HOW ABOUT A KISS FOR ME?

Readers join a little boy as he puckers up for some pretty unusual kisses. Dogs, frogs, cats, bats and all manner of farmyard animals are all recipients of this curious toddler’s smooches. “Do you like to kiss a bunny? / Kiss a bunny? That is funny.” From these rather harmless animals, he then goes on to consider toes, cacti, worms, mops and skunks. But at the end of the day, the most enthusiastic recipient of his kisses is his dad, who hugs and kisses him before tucking him in: “There’s nothing I would rather do / Than be someone who’s kissed by you.” Tarpley’s rolling verse reads aloud easily, and the text/illustration juxtapositions lend well to predictive reading. The absurdity of some of the kissing combinations will appeal to little ones. Woodruff’s sweet watercolors depict an overall-clad toddler with muddy cheeks and an adorable smile. Pucker up—this one’s sure to elicit kisses with every reading. (Picture book. 1-3)

Pub Date: June 1, 2010

ISBN: 978-0-525-42235-8

Page Count: 32

Publisher: Dutton

Review Posted Online: June 3, 2010

Kirkus Reviews Issue: May 15, 2010

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Sweet—but more for adults than children.

ALL THE LOVE IN THE WORLD

A doting pair of adult bears follows a baby bear through a busy day.

These fully engaged caregivers are clearly awed by the little cub, starting with “You’re the morning sunshine” and ending with “you sleep so peacefully / beneath the twinkling stars.” In between, the baby bear paints a picture, sings with one adult, tickles with the other, drinks cocoa, takes a walk and flies a kite, rides a bike, and is playfully swung in the air before a bath. Much of the action is communicated only by the pictures. The tender rhyming verses focus on the wonder of familial love. Every other stanza ends with the refrain: “This world of ours is full of love / when you are here with me.” Curiously, although this cub has two present, caregiving adults, the narrative, presumably addressed to the child, uses the first-person singular. The baby bear is presented as gender-neutral, first in orange-and-green polka-dot pajamas and then in blue jeans with a white shirt graced with yellow ducks. Although neither adult bear is gendered in the text, the illustrations use stereotypical cues: One wears a yellow dress decorated with hearts; the other wears a striped shirt (and no trousers). No one can miss that the baby bear is the adults’ little darling.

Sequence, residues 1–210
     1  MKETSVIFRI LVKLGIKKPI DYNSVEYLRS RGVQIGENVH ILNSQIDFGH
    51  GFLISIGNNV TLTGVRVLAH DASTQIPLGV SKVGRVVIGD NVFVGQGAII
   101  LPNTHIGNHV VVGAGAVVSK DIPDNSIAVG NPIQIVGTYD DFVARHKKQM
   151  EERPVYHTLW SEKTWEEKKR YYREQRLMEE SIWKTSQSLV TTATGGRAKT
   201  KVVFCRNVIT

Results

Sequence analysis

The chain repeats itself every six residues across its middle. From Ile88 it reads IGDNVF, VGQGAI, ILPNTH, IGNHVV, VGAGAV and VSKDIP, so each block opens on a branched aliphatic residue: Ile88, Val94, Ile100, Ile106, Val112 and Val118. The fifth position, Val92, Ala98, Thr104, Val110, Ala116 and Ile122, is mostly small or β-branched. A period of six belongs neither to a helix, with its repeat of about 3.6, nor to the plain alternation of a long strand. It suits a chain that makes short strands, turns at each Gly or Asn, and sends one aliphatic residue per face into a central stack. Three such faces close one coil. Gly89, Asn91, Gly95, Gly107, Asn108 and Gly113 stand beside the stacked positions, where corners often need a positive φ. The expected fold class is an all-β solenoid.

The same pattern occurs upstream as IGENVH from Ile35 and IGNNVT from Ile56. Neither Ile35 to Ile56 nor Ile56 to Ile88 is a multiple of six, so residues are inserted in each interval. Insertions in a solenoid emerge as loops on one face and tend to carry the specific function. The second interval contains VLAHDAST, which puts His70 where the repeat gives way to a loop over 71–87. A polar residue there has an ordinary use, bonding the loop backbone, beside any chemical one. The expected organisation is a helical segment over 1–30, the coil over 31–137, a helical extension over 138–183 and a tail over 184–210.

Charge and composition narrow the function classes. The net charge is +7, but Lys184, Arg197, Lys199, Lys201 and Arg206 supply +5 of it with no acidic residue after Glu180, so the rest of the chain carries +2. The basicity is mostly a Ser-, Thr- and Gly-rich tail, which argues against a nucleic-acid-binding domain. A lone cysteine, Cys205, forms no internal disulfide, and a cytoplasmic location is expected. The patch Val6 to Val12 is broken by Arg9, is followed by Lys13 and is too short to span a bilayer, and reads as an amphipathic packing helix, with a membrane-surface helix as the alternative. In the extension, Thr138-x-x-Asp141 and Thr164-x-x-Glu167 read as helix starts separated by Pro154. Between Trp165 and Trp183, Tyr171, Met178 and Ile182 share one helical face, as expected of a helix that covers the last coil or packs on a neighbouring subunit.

Sweet—but more for adults than children. (Board book. 1-3)

Pub Date: Dec. 24, 2019

ISBN: 978-1-68010-603-9

Page Count: 22

Publisher: Tiger Tales

Review Posted Online: Dec. 18, 2019

Kirkus Reviews Issue: Jan. 15, 2020

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Good for a holiday snuggle with a little one.

I LOVE YOU THROUGH AND THROUGH AT CHRISTMAS, TOO!

Loving assurance comes wrapped in holiday sentiments.

Church’s round-faced toddler will be instantly recognizable from previous titles thanks to the tiny eyes and toothless smile. Whether inside or out, both the child and a teddy-bear companion sport bright red Santa hats. The gentle, first-person text assures this winsome toddler of the narrator’s unconditional love while the text evokes both the frenetic activity of Christmas preparations and the ideals of the season. “[S]hopping and wrapping / making and baking” are balanced by “I love you because you are patient and kind, // merry and bright, // helping and giving.” Sometimes the text rhymes (“I love you with bells and wreaths, // garland and trees”), but instead of forcing consistent rhymes, Rossetti-Shustak relies on rhythm and pacing to deliver her message. Muted greens, russet reds, and tawny backgrounds scattered with stars and snowflakes give the illustrations an old-fashioned feel. The sturdy binding and padded covers will survive rough handling. There’s not a real story here; just an attitude of unmitigated acceptance. The child has light skin and a few wisps of brown hair.

Good for a holiday snuggle with a little one. (Board book. 1-3)

Pub Date: Sept. 25, 2018

ISBN: 978-1-338-23010-9

Page Count: 26

Publisher: Cartwheel/Scholastic

Review Posted Online: Oct. 16, 2018

Kirkus Reviews Issue: Jan. 1, 2019

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